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Rules to buy land in Jammu and Kashmir relaxed: Should you invest, what is the fine print and other key questions answered

What the central government’s rules allowing outsiders to buy urban, or non-agricultural land in Jammu and Kashmir, means for investors.

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On October 27, the central government notified rules that allow outsiders to buy urban, or non-agricultural land, in Jammu and Kashmir. Earlier, only ‘permanent’ residents and those with domicile certificates were permitted to buy such land.

There is a background to the government action. Nearly a year ago, the region’s special status under Articles 370 and 35A of the Constitution was nullified and the state was split into the union territories of Jammu and Kashmir and Ladakh.

The amendments are not applicable to the union territory of Ladakh.

Article 370 of the Constitution had granted special status to the state. Article 35 A prohibited citizens from other parts of the country from buying land in Jammu and Kashmir. The Jammu and Kashmir legislature was allowed to define permanent residents of the state and only those eligible could purchase land or property.

Here are answers to some of the most important questions about the central government’s order concerning Jammu and Kashmir.

What does the new notification mean?

The government amended and notified land laws for the union territory of Jammu and Kashmir and omitted the phrase “permanent resident of the state” from Section 17 of the Jammu and Kashmir Development Act. This section deals with the disposal of land in the union territory.

This will pave the way for any Indian citizen to buy land and property in Jammu and Kashmir. Outsiders will now be able to purchase urban, or non-agricultural land. Contract farming will also be permitted on agricultural land.

The amended laws also do away with the curbs on purchase of farmland by non-Jammu and Kashmir agriculturists and do not impose any limits on the total area utilised for housing or even shops. Remember that these limits currently exist in other states such as Himachal Pradesh or Uttarakhand.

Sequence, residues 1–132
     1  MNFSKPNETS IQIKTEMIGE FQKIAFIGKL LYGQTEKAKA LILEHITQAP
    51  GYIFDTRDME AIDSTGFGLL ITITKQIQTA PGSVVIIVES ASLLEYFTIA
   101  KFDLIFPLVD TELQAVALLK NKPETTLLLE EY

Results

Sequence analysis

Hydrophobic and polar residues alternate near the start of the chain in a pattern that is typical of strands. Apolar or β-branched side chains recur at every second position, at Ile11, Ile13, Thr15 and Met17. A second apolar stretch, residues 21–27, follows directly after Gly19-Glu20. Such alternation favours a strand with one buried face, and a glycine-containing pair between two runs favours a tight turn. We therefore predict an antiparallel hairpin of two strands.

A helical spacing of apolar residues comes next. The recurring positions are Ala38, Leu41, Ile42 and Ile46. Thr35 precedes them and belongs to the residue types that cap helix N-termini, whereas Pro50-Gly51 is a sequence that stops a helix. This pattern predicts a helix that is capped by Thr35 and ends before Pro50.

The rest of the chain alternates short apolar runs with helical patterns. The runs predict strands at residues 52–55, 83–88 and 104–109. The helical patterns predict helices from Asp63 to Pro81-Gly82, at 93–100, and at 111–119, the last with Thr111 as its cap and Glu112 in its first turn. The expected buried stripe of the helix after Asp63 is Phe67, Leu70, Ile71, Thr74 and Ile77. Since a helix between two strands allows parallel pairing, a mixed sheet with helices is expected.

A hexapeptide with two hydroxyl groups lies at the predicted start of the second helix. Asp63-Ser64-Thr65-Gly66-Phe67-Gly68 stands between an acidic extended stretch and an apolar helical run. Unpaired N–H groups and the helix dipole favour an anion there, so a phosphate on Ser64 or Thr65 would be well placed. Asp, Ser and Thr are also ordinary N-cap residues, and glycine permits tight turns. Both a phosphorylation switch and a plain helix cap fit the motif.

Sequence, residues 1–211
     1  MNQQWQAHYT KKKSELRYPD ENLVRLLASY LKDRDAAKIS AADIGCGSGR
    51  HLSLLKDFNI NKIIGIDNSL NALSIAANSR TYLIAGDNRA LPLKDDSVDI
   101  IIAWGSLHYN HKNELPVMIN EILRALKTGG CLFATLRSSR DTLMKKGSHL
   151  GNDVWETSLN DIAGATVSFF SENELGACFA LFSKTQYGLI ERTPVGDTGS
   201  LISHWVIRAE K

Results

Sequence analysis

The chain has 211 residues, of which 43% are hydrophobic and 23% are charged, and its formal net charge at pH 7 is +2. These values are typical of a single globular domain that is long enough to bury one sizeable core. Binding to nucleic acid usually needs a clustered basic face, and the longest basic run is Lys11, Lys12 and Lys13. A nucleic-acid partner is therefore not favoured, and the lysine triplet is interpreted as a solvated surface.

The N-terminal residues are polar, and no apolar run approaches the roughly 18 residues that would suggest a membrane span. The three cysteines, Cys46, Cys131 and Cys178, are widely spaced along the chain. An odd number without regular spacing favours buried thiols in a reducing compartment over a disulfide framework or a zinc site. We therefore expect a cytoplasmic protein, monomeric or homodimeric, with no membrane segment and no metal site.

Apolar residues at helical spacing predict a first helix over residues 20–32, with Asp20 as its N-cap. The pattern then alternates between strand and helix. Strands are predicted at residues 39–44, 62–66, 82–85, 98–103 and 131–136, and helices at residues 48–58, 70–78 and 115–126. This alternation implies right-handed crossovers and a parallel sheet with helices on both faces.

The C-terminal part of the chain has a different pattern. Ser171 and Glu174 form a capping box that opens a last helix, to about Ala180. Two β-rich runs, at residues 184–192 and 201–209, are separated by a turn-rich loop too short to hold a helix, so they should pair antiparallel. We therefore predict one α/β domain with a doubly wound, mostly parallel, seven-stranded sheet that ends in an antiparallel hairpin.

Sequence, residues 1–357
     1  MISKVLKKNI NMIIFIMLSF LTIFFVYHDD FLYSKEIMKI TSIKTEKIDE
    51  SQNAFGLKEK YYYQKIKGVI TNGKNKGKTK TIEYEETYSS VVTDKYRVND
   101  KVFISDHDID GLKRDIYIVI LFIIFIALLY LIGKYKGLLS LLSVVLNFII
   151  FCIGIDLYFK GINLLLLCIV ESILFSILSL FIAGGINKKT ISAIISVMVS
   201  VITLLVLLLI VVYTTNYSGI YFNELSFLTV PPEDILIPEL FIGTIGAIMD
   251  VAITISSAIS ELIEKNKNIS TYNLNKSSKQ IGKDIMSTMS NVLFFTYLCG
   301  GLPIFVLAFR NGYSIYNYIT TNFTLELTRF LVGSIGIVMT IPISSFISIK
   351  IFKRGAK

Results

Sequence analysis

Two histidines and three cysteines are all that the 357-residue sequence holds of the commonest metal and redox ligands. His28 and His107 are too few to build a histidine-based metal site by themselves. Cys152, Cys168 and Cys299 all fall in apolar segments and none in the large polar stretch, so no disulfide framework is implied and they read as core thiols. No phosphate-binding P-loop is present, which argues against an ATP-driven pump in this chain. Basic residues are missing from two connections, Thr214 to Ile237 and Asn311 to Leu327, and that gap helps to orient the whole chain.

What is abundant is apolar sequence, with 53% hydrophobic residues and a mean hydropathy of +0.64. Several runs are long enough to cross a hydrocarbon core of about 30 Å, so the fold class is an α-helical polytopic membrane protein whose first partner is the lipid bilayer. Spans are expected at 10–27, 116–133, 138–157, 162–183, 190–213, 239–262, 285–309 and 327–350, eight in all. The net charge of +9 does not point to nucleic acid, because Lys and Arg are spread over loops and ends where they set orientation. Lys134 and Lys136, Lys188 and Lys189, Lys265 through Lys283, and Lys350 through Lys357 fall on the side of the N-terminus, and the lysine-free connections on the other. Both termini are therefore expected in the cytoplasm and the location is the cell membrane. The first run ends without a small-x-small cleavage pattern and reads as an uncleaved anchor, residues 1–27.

Land acquired by the government for industrial or commercial purposes can now be allowed to be disposed of or sold to anybody. Earlier, only permanent residents of the state could have bought this land.

What are the laws that have been amended?

The notification in both Hindi and English runs into 111 pages. The home ministry made several changes to the land laws, including one that allows the use of agricultural land for setting up facilities of public purpose.

The most important amendment has been made in the Jammu and Kashmir Development Act that deals with the disposal of land with the Centre. The phrase "permanent resident of the state" from Section 17 of the law was omitted.

Some amendments have also been made to the Jammu and Kashmir Development Act, 1970. The Centre has introduced Section 11A to the Act, which protects notified development zones from application of Land Revenue Act and Agrarian Reforms Act.

“Upon coming into operation of the master plan or a zonal plan, the land use permitted in the area covered thereunder shall only be as provided in terms of such master or zonal plan. The provisions of the Jammu and Kashmir Agrarian Reforms Act, 1976, Jammu and Kashmir Land Revenue Act, Samvat 1996 or any other law for the time being in force requiring any permission to change the usage of any land, shall not be applicable to any land so covered,” states Section 11A.

What is the fine print with regard to the sale of agri land?

Some protection has been extended through amendments to the Jammu and Kashmir Land Revenue Act. Through the insertion of Section 133 H in the Agrarian Reforms Act, the Centre has completely barred the sale of agricultural land to “non-agriculturist”. That said, it has provided for several situations under which sale can happen.

It has said that such land can be transferred to government or “a company or a corporation or a Board established by or under a statute and owned and controlled by the government or a government company as defined in the Companies Act, 2013” provided it is used for ‘public purposes’. Such transfers can also happen in favour of public trusts for ‘charitable purposes’.

The government can also take a call on the transfer of agricultural land in favour of “a person or an institution for the purpose of promotion of healthcare or senior secondary or higher or specialised education”.